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Dell's profit fell 47 percent to 39 cents per share while revenue dropped 11 percent to $13.7 billion

Dell's financial report for the third quarter seems to have missed the targets predicted by Wall Street on many levels due to sluggish PC sales.

For Q3 2012, Dell's profit fell 47 percent to 39 cents per share while revenue dropped 11 percent to $13.7 billion from a year previous (Wall Street expected $13.9 billion). Its net income fell from $893 million (49 cents per share) in Q3 2011 to $475 million (27 cents per share) in Q3 2012.

A large reason for Dell's financial tumble is the lack of demand for PC upgrades. Dell's PC shipments fell 8.3 percent in Q3 2012 from a year earlier.

“In a difficult global IT spending environment we saw solid proof points that demonstrate progress in our strategy,” said Brian Gladden, Dell CFO. “A highlight has been the strong progress of our newly introduced servers, with our server and networking business up 11 percent. We’re also encouraged by early interest in our new Windows 8 touch portfolio and the opportunities it creates for our commercial and consumer businesses.”

Looking forward, Dell predicts a fourth quarter revenue of $14 billion to $14.4 billion, which is a bit less than the $14.5 billion analysts were shooting for. In Q4 2011, revenue was $16 billion.

In response to all of this disappointing news, Dell stock dropped to $8.81 this morning, which is the lowest its been since March 12, 2009.

While Dell is looking to Windows 8 for some kind of revival, the new operating system hasn't provided any immediate boost for PC makers. In fact, Gladden said Windows 8 wouldn't affect Dell's financial results for the next two quarters.

"The client business continues to be challenging," said Gladden. "Commercial customers tend to be lagging adopters of a new operating system. They're going to wait."

To make matters worse, Microsoft doesn't solely depend on PC makers for hardware anymore. Last month, it released its first tablet hardware, Surface RT, which features the RT version of the Windows 8 mobile OS. Next year, Microsoft plans to release the Surface Pro, which will run Windows 8 Pro.

Source: Dell

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By kleinma on 11/16/2012 10:39:28 PM , Rating: 5
Step 1 to turning things around: Stop making crap.

RE: well
By FlyBri on 11/17/2012 8:53:28 AM , Rating: 2
Amen to that. Also, they need to get some half decent customer service, or even understand what customer service is. I'm convinced there is a culture problem at Dell. I ended up having to take them to small claims court due to them refusing to service my laptop while it was still under warranty. They didn't do the right thing at any point in the whole ordeal - not after the countless hours with managers both here and in India, after filing a complaint with the Better Business Bureau, and even after I went to court, refused to give a decent settlement.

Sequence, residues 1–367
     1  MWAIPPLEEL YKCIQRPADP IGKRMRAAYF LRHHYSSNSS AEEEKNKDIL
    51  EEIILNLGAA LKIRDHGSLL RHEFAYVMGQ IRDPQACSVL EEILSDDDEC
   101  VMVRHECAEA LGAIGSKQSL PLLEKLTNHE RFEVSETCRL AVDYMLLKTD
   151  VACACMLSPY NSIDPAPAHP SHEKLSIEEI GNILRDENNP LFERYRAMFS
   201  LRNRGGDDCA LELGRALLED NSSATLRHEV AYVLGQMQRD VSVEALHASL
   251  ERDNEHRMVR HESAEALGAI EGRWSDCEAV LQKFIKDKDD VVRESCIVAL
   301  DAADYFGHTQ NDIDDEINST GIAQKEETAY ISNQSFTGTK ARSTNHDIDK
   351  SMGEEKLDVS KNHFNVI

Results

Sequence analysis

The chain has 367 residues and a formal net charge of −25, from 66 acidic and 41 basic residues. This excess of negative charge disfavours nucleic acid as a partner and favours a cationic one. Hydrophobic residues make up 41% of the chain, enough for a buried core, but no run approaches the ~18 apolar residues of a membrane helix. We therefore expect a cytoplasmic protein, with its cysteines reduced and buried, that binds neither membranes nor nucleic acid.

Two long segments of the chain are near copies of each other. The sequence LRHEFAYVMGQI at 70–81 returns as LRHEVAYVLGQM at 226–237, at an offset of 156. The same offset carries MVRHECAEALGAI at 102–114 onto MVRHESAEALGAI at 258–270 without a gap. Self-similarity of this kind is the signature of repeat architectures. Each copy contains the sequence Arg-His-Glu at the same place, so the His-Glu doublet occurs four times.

Not only that, but I also spoke with and "executive level" person at their corporate headquarters, and they were rude enough to accuse me of "trying to blackmail them" (which, when I reacted to that comment the woman immediately started backpedaling and profusely apologizing). Worst experience ever. If my story doesn't sum up what is wrong with Dell, I don't know what does.

RE: well
By JPForums on 11/19/2012 10:51:07 AM , Rating: 2
Thank you for that.
Another shining example of customer service that I can use dissuade people from choosing Dell. (I've been collecting them)
This makes 8 stories of this level I can tell.
So yes, this does in fact point to a culture problem at Dell.

RE: well
By crispbp04 on 11/17/2012 12:46:11 PM , Rating: 2
this goes for most lazy PC makers. It was easy when nobody innovated and everything looked like crap. It was a simple formula. 1) make a sh*t PC with subpar parts. 2) sell it at a 40% margin. 3) profit.

The only pc companies being creative today are Asus, Lenovo, and to a lesser extent Samsung. Everyone else is missing the boat.

RE: well
By TakinYourPoints on 11/18/2012 11:21:10 PM , Rating: 2
Amazingly, racing to the bottom hasn't been a long-term winning strategy. Companies that are doing well are Lenovo and Apple, ones that haven't cut corners on quality or customer service. Asus also seems to be turning it around with the Zenbook Prime.

HP/Dell/Gateway/Acer/etc have become associated with crap because that's all they've turned out in the consumer market, and all people see them good for now are cheap machines with razor thin profit margins. It is a downward spiral of crap that they've trapped themselves into.

"People Don't Respect Confidentiality in This Industry" -- Sony Computer Entertainment of America President and CEO Jack Tretton
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